Pull-ups are great, though can be a challenge to do correctly. If there isn’t a convenient study beam, you can use dumbbell rows, or use a toolbox with a handle or backpack of books, or you can search for a tree limb or door frame. In any exercise, keeping your chin tucked is essential technique. In the pull-up, start from stillness, tuck your chin, and make sure it’s mostly your lats that are doing the work on the way up. If you are still working on doing pull-ups, just holding yourself on a beam is a good opportunity to train proper posture in the neck and upper spine, and grip strength is important, too.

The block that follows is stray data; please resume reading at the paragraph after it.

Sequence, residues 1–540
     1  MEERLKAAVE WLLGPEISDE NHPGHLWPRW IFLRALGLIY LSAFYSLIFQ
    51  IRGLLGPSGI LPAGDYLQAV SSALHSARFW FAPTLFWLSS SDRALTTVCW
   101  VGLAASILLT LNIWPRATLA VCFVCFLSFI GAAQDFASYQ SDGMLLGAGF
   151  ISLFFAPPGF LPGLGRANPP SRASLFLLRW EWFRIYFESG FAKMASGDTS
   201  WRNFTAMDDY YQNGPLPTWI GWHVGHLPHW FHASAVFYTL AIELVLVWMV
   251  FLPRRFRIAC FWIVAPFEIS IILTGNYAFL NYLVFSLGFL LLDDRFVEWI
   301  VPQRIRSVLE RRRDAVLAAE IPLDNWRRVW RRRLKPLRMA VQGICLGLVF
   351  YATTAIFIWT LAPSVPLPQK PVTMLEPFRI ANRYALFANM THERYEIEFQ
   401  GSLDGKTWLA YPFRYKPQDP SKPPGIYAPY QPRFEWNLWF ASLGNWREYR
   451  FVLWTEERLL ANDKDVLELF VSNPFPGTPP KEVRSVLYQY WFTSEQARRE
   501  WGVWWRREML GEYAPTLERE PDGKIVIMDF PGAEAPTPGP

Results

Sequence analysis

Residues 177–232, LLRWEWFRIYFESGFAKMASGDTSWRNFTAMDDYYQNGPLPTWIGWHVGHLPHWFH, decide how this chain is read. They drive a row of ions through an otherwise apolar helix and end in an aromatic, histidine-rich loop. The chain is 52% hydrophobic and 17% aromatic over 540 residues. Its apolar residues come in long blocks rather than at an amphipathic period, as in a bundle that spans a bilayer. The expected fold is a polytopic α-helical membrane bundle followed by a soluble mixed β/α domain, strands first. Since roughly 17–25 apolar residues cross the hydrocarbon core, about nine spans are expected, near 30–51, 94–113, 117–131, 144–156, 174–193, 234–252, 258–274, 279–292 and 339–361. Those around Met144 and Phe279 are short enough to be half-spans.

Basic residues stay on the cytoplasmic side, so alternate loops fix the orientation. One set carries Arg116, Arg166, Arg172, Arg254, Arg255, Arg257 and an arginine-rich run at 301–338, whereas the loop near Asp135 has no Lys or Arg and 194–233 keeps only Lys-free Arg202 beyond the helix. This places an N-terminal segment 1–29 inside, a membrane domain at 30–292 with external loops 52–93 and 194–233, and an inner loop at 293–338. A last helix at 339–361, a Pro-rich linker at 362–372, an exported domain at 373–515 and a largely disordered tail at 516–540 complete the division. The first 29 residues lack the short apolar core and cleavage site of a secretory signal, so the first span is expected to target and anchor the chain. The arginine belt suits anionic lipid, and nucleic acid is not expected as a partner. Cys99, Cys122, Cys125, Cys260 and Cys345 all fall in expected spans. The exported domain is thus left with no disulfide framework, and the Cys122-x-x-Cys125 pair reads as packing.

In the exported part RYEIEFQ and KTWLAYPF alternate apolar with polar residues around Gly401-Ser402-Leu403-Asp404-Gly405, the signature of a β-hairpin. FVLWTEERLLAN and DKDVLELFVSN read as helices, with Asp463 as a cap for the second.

That combined with dumbbell rows and curls will get you to a full pull-up in no time, and then it’s off to the races! After skipping pull-ups for a while, I have just gotten back to being able to do six good ones.

If you are a super-human who busts out fifty pull-ups before breakfast, feel free to brag a little and inspire us all to keep improving! I hope focusing on your posture helps you get the most out of your running and training, and best wishes, everybody!